Health inequalities today are unfair or unjust differences in health determinants or outcomes within or between defined populations.
Determinants are the causes and influences; outcomes are diseases and states of health
Health services are thought to influence about 30-40% of health status
Unfair or unjust differences in health determinants:
The world’s richest 85 people have a combined net worth of US$110 trillion – equal to the total assets of the poorest 50 percent of the world’s population: about 3.5 billion people
Unfair or unjust differences in health outcomes in England
– all cause mortality (in under 75s), 2006-08
Public policy determinants of health inequalities today:
- Social security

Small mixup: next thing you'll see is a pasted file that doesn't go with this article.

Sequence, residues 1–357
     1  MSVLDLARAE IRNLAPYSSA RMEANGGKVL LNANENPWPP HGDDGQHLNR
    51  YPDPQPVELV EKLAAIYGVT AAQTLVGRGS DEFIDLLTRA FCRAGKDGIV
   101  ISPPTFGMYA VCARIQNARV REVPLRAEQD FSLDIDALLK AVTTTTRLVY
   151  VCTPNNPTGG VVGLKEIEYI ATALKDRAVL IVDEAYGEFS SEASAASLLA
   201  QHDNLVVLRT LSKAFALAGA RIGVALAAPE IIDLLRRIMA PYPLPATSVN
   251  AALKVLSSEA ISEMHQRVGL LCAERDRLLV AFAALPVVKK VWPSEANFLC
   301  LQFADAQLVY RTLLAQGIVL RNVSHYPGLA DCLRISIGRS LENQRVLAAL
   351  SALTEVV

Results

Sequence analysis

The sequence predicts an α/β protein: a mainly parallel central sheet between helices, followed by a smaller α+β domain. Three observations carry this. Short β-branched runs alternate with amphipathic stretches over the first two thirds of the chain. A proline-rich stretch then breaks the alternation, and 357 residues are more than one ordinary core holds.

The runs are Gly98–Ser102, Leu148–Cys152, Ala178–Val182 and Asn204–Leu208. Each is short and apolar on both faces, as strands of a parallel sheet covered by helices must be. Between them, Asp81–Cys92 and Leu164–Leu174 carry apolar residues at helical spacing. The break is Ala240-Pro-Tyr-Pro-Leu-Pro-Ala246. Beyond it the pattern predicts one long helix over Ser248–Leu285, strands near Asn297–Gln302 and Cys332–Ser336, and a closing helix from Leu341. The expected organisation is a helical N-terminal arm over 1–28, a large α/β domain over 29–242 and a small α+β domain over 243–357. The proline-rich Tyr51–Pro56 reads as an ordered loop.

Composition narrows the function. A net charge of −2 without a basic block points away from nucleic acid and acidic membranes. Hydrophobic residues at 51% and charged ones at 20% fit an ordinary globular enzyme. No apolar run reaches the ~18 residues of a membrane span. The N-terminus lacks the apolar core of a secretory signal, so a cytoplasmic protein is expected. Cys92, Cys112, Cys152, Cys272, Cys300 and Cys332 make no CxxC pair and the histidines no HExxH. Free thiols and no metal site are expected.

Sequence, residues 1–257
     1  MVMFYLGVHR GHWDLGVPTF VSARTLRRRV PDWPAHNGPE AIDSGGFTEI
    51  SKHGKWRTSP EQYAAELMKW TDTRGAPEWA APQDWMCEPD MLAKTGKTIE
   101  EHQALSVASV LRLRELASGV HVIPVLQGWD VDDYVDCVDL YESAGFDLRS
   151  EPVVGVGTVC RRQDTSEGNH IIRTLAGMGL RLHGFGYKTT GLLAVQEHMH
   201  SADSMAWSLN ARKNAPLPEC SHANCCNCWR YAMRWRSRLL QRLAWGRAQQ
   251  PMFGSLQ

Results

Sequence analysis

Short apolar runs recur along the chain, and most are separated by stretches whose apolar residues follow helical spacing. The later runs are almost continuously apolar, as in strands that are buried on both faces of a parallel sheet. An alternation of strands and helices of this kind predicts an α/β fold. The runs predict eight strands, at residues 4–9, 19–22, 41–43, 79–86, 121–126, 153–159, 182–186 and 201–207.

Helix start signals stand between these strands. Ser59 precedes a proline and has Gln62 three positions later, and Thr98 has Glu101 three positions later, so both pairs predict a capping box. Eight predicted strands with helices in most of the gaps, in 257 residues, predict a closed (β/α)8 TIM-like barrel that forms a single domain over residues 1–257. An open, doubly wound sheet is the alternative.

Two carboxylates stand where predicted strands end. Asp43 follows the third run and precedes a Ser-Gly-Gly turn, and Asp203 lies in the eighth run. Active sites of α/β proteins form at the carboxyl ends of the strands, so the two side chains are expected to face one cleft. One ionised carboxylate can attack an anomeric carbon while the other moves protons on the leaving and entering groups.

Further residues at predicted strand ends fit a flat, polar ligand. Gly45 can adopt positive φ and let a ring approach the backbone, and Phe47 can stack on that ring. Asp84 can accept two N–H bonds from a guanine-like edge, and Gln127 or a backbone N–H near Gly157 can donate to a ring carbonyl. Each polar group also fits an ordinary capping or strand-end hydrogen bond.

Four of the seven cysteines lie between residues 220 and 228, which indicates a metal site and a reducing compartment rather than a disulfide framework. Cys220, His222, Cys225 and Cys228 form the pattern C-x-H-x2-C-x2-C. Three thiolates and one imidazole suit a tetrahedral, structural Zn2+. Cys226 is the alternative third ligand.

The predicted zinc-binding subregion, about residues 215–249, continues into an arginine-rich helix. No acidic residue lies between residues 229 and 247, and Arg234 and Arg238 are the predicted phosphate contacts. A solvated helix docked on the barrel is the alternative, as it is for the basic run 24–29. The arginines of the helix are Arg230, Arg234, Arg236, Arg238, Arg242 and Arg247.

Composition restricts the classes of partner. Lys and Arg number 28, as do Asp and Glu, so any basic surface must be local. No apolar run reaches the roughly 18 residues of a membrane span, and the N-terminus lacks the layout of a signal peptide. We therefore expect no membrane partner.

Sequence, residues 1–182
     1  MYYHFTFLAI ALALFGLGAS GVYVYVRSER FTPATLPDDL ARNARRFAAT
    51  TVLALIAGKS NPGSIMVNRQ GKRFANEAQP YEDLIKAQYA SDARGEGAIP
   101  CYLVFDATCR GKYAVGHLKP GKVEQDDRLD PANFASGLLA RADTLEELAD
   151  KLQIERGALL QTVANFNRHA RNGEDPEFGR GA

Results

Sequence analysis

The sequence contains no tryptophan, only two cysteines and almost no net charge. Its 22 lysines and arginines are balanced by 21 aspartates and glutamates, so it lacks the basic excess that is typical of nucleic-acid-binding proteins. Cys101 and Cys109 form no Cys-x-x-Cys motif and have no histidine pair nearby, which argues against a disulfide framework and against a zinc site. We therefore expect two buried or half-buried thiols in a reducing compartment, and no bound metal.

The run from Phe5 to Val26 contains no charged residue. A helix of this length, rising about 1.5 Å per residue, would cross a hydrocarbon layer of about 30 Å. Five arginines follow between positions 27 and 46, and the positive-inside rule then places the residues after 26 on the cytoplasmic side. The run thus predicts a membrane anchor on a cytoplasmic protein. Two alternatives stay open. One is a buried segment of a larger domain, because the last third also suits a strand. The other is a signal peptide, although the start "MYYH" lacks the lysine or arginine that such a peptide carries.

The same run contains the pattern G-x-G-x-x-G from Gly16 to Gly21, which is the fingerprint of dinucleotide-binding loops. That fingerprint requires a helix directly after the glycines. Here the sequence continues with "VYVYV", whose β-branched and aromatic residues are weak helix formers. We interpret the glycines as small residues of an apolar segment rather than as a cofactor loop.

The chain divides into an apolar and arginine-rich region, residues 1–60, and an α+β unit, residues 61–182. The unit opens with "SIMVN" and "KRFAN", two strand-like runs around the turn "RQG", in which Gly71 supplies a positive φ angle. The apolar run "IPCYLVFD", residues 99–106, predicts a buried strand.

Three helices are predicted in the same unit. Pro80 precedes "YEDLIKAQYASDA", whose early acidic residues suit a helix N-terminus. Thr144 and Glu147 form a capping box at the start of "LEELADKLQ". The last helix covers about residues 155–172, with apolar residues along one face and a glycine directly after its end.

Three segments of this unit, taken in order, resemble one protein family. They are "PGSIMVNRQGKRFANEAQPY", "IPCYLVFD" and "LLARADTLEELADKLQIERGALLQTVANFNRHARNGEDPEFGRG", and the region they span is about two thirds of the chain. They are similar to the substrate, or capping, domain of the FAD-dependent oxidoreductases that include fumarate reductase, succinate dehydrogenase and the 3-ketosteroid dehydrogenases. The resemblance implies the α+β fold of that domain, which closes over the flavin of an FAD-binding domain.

- Health care
- Social services
Inequalities in what?
- Access – physical / financial / opportunity cost
- Quality – clinical / process
‘Wider’ determinants of health
- Cultural / behavioural
Health determinants act at multiple levels
Health equity (fairness in health) could be described as
…from each according to his abilities, to each according to his needs…
Karl Marx, Critique of the Gotha Programme (1875)
Distributional justice: Inequity in policy (eg positive action / discrimination) is required to achieve equality of outcome
Total life expectancy and GDP for 209 countries in 1997:
Source: World Bank’s World Development Indicators 2000. Life expectancy is for both males and females, in years, from birth. GDP figures are in international dollars, which use purchasing power parity in order to provide a standard measure of real price levels between countries.
Presented at our policy seminar June 2016Trackbacks are closed, but you can post a comment.